When you go further towards the town of Mali Zvornik, that is when the river Drina starts to appear here and there. The road was obviously patched numerous times, making my French “lion” jounce.
When you enter Mali Zvornik you begin to enjoy the view on your right. It seems as if the town’s buildings are going to tumble down into the river. On the other, Bosnian side, the same scene – houses leaning downwards.
The road curves along the flow of Drina and the shore is often covered with overgrowth. On those scarce spots where trees and bushes are not that high and thick, the wide river is to be seen with white minarets ascending on the other side. Few fishermen in their boats and tall, green mountains above. The Drina was really generous in this area!
„The Save is the largest tributary of the Danube, and the Drina is the largest tributary of the Save, but it is not navigable; no river scenery, however, can possibly be prettier than that of the Drina; as in the case of the Upper Danube from Linz to Vienna, the river winds between precipitous banks tufted with wood“, says Andrew Archibald Paton whose 19th-century book we carry around with us.
He must have had the even better impression. Just imagine trotting slowly on a horse’s back through these forests and over green hills, while the view of such generous and lush nature on both sides of Drina takes your breath away on every kilometer!
Even though we were limited to the road, it didn’t spoil the experience. We stopped the car every now and then to enjoy the view of the river spreading and narrowing itself, cutting through the earth in a manner only nature can provide.
„Wilderness“ of Ljubovija
„At Liubovia the hills receded, and the valley was about half a mile wide, consisting of fine meadow land with thinly scattered oaks, athwart which the evening sun poured its golden floods, suggesting pleasing images of abundance without effort.
This part of Servia is a wilderness, if you will, so scant is it of inhabitants, so free from anything like enclosures, or fields, farms, laborers, gardens, or gardeners; and yet it is, and looks a garden in one place, a trim English lawn, and park in another“, Paton wrote.
We drove into Ljubovija over some bridge, and were explained that „the center is near, just a bit down the street“, but we have managed to miss it. Actually, we were there the whole time, the town was just small. Since it was late in the afternoon, we didn’t even bother trying to locate the tourist information office – there was no way it would work at that hour. Asked around if there is a place to stay for the night. (More about it in the previous Glimpse.)
The story about the small town on river Ljubovidja (which it was named after, they say), begins in 1843 when the former settlement Azbukovica was liberated from Turks and became a border area. The passageway was opened, people and goods were transferred by wooden rafts, there was a quarantine station, a large stockroom was built, and soon people began to inhabit the region.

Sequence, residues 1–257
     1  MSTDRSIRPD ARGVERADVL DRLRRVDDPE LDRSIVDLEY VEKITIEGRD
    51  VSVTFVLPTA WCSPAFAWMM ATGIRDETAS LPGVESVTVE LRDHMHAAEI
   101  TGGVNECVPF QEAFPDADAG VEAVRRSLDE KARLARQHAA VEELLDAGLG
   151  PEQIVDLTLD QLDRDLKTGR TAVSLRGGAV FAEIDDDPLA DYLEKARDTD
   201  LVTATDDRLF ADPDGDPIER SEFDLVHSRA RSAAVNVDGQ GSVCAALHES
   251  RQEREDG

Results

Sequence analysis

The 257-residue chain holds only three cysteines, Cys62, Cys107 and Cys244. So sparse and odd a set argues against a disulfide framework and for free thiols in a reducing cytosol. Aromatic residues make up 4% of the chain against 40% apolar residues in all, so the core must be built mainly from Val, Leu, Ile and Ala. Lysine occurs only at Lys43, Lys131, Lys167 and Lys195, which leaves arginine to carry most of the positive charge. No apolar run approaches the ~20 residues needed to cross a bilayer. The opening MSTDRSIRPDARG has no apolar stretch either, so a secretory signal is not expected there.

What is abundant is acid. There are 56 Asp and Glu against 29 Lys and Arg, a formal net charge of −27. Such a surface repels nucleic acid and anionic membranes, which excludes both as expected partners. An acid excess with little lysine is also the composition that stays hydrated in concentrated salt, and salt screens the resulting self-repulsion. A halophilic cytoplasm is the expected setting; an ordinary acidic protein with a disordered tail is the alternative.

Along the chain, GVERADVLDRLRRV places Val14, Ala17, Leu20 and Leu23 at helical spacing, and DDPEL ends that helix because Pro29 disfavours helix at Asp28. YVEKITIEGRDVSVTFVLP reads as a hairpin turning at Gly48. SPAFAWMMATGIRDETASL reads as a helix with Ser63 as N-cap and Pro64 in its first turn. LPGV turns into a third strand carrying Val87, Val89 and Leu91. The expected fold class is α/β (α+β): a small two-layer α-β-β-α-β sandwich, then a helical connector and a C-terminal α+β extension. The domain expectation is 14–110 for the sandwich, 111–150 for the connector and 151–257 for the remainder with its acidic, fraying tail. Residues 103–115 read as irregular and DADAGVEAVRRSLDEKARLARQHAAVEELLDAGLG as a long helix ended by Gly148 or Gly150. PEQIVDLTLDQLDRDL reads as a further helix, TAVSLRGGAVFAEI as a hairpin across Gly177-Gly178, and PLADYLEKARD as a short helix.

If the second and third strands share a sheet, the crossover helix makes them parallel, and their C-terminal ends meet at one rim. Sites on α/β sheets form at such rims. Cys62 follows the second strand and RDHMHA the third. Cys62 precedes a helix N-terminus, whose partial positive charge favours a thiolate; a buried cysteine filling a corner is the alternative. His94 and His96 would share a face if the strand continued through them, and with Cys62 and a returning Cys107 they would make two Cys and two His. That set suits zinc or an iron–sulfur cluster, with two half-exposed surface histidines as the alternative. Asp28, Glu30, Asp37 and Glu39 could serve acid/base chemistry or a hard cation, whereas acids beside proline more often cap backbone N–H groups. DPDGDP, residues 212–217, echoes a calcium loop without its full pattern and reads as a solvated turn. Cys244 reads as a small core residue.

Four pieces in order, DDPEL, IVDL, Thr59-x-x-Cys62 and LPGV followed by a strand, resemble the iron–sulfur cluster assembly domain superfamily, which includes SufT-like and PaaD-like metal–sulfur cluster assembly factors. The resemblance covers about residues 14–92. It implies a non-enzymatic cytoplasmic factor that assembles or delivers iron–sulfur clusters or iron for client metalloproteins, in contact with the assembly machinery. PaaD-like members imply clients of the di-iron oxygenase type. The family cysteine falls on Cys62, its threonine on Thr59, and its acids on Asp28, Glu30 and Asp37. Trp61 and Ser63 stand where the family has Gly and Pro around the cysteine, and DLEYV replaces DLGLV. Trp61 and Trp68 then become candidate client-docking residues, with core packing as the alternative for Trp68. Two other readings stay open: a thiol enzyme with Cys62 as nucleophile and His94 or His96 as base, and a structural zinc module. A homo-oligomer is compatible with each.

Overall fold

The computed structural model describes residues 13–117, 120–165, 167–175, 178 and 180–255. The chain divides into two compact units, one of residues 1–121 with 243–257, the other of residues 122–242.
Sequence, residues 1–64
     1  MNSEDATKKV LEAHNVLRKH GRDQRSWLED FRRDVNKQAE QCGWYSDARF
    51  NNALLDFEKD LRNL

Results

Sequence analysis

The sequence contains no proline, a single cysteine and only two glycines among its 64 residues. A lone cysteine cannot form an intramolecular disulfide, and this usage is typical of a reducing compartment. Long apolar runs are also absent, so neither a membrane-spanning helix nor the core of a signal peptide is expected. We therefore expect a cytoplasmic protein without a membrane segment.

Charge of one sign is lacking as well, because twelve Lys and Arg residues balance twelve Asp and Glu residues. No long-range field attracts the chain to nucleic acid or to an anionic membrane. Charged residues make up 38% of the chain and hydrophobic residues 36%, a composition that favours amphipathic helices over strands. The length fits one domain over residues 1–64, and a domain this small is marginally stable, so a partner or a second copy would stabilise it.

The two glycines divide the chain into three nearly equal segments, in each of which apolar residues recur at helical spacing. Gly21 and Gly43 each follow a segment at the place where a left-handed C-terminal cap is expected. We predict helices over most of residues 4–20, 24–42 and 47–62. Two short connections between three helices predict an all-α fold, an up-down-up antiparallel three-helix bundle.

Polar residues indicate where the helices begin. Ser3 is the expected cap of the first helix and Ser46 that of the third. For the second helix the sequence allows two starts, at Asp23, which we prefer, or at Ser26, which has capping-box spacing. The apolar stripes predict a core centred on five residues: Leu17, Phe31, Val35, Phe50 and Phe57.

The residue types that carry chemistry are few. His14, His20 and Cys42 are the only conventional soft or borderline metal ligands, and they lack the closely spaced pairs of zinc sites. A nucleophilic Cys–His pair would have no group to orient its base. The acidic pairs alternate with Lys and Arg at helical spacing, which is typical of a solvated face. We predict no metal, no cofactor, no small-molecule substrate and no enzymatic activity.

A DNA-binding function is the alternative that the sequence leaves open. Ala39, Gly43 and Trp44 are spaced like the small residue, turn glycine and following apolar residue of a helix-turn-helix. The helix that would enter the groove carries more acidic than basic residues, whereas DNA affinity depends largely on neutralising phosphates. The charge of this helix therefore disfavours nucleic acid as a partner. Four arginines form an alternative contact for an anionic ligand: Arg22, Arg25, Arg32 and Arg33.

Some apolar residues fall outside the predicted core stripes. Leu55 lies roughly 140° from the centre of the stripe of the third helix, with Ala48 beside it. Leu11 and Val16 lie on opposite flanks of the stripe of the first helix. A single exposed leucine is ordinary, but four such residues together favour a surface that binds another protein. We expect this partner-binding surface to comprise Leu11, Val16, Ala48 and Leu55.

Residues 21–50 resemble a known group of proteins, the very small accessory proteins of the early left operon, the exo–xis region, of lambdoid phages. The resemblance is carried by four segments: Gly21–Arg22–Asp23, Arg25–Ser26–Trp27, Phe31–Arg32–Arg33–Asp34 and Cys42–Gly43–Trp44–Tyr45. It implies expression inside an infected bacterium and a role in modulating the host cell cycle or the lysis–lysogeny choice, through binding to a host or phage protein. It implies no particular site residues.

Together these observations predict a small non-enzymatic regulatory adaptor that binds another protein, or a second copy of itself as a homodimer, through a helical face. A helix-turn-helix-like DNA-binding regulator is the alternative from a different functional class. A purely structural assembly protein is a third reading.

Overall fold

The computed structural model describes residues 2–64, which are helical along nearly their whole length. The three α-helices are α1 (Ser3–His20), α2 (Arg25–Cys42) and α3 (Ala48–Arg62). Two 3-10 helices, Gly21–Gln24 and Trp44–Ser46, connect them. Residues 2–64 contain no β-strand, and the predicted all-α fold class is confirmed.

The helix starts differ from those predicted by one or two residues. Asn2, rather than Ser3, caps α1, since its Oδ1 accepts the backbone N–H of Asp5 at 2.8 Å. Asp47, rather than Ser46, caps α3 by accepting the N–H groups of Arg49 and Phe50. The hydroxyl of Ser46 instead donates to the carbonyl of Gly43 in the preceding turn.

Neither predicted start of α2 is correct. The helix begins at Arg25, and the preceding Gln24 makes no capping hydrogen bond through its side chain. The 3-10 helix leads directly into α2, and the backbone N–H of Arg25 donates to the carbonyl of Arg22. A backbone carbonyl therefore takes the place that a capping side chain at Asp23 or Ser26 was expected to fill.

After it suffered serious damage by the flood in 1896, the town was moved few kilometers up the hill and a bit further from Drina’s bank, towards the hill of Jabuchje.
„Liubovia is the quarantine station on the high road from Belgrade to Seraievo. A line of buildings, parlatorio, magazines, and lodging-houses, faced the river. The director would fain have me pass the night, but the captain of Derlatcha had received notice of our advent, and we were obliged to push on, and rested only for coffee and pipes“, says Paton.
Closing the book, we have decided to spend the night at the small hotel. It took a certain undertaking to drag a suitcase up the narrow and steep staircase though, but it did have the parking lot right in front of it.
“People have changed”
Time for a stroll around Ljubovija. Down the same street, as we were told, there is the only working restaurant where we could eat and next to the bus station there were few cafes. It wasn’t very appealing to sit on the balcony of one of those, looking at noisy buses coming and going, so we took a turn and walked up by the Church of the Holy Transfiguration.
At first nobody but us sitting inside that small restaurant. And the waitress was talking.
„This was a crowded town once. Since all the factories were closed, everything stopped, young people went away. We were often going to the other side of Drina, which is now Bosnia, spending time with friends, having barbecues. Now, well, I don’t even remember the last time we were there. People have changed, some strange men came to the scene“, she was saying.
Our grilled meat was good, cheap, the waitress was pleasant. The sky began to darken, they said it might rain tomorrow. Oh well, that means that we would not go to the old town of Soko, not this time anyway, even though our British companion was astonished by it. So, we will make a note for our next trip to Ljubovija – not to miss Soko, but Treshnjica Canyon and the Latin Bridge as well!
Such a beautiful view of the mountains and rooftops through our window in the morning! It was worth spending a night here.
Didn’t mind being „a spectacle“ in the town where people scarcely come just to visit, for the mere reason of traveling. I mean, such play of clouds and mist from nearby mountains was wheeling down onto lined up houses at dawn, that we simply forgot about everything else!
Moving on from this small town, back on the road, it began to rain, changing thus our previous plans. Mr. Paton went towards the town of Uzice, but we might go a bit more to the south, along Drina’s curves, to stop at Bajina Bashta town first.
The full 19th-century Serbia SERIES